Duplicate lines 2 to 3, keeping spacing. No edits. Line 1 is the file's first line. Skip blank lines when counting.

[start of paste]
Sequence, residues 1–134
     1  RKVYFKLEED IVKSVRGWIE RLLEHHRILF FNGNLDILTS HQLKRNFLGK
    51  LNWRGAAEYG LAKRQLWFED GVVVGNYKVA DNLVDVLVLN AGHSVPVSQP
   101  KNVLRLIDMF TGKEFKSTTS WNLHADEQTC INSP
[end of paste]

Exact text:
     1  RKVYFKLEED IVKSVRGWIE RLLEHHRILF FNGNLDILTS HQLKRNFLGK
    51  LNWRGAAEYG LAKRQLWFED GVVVGNYKVA DNLVDVLVLN AGHSVPVSQP